RS Puppis is a Cepheid variable star. Thanks to the work of Henrietta Leavitt at Harvard, we know there is a relationship between the period of variability and the luminosity (intrinsic brightness) of a Cepheid variable. This means we can use Cepheid as a standard candle to as one way to determine distance to the really far out star or galaxy the stars reside in.
Distances to closer objects can be determined by other means like the parallax but that tends to be less accurate at great distances. One of the reasons the ESA Gaia launch is so exciting is that parallax measurements will be very accurate and to greater distances than we can do currently. Distances to the stars are very difficult to get accurately.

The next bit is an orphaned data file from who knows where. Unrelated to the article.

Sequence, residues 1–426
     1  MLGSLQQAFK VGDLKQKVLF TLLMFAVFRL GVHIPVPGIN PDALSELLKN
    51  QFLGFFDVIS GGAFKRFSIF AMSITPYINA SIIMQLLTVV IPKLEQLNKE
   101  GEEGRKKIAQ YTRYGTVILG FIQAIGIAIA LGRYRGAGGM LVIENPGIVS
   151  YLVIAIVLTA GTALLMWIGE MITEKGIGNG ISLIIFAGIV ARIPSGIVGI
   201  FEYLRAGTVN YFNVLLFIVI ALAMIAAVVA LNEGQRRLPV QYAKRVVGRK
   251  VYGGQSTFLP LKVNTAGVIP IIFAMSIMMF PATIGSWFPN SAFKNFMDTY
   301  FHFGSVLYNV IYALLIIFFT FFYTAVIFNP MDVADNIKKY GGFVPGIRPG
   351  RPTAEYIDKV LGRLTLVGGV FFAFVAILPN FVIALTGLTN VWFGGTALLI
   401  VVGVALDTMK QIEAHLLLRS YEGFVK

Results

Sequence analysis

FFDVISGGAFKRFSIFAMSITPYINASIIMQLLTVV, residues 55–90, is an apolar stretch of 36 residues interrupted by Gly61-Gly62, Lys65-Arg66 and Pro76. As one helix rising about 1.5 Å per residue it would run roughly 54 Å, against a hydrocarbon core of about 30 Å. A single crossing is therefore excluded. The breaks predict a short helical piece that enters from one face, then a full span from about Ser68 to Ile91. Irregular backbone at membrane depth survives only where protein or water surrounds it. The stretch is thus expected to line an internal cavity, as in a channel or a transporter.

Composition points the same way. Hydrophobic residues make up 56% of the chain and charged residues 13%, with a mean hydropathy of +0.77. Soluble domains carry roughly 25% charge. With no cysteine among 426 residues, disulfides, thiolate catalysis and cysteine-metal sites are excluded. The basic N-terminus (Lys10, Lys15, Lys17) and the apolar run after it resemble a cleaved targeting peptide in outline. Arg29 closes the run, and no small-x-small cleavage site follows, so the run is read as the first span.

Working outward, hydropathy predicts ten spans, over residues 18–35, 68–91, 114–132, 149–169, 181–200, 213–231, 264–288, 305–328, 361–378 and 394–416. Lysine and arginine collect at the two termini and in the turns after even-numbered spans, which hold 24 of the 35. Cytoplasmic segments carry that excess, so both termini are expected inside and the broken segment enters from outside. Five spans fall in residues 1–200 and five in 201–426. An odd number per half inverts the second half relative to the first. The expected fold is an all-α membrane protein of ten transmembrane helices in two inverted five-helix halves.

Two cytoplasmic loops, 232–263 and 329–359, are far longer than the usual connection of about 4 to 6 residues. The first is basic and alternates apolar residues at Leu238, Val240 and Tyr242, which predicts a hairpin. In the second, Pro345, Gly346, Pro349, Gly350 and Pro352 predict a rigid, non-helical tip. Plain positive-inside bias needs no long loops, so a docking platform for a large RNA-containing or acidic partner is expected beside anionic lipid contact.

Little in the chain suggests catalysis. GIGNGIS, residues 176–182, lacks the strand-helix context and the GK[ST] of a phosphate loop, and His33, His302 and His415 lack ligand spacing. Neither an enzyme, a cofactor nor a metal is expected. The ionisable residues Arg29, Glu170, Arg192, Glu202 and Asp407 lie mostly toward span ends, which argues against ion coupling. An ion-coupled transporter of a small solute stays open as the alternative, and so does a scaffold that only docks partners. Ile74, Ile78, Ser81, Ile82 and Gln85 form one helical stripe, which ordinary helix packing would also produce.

From NASA (links to a full res image and it is amazing!) with acknowledgment to H. Bond (STScI and Pennsylvania State University):
This festive NASA Hubble Space Telescope image resembles a holiday wreath made of sparkling lights. The bright southern hemisphere star RS Puppis, at the center of the image, is swaddled in a gossamer cocoon of reflective dust illuminated by the glittering star. The super star is ten times more massive than our sun and 200 times larger.